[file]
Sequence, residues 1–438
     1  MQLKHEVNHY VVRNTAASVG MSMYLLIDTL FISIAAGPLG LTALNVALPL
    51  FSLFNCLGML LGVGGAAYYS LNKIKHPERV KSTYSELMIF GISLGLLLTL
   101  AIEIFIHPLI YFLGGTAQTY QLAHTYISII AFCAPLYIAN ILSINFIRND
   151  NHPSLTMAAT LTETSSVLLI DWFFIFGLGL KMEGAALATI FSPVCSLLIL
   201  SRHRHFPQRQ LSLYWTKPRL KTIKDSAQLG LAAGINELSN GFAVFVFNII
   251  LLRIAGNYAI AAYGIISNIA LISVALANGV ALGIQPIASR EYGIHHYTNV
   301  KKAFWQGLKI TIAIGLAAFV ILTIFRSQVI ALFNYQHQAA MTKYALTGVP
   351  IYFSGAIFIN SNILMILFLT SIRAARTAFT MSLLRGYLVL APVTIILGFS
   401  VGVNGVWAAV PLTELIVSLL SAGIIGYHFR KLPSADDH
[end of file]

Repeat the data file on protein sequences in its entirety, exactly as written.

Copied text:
Sequence, residues 1–438
     1  MQLKHEVNHY VVRNTAASVG MSMYLLIDTL FISIAAGPLG LTALNVALPL
    51  FSLFNCLGML LGVGGAAYYS LNKIKHPERV KSTYSELMIF GISLGLLLTL
   101  AIEIFIHPLI YFLGGTAQTY QLAHTYISII AFCAPLYIAN ILSINFIRND
   151  NHPSLTMAAT LTETSSVLLI DWFFIFGLGL KMEGAALATI FSPVCSLLIL
   201  SRHRHFPQRQ LSLYWTKPRL KTIKDSAQLG LAAGINELSN GFAVFVFNII
   251  LLRIAGNYAI AAYGIISNIA LISVALANGV ALGIQPIASR EYGIHHYTNV
   301  KKAFWQGLKI TIAIGLAAFV ILTIFRSQVI ALFNYQHQAA MTKYALTGVP
   351  IYFSGAIFIN SNILMILFLT SIRAARTAFT MSLLRGYLVL APVTIILGFS
   401  VGVNGVWAAV PLTELIVSLL SAGIIGYHFR KLPSADDH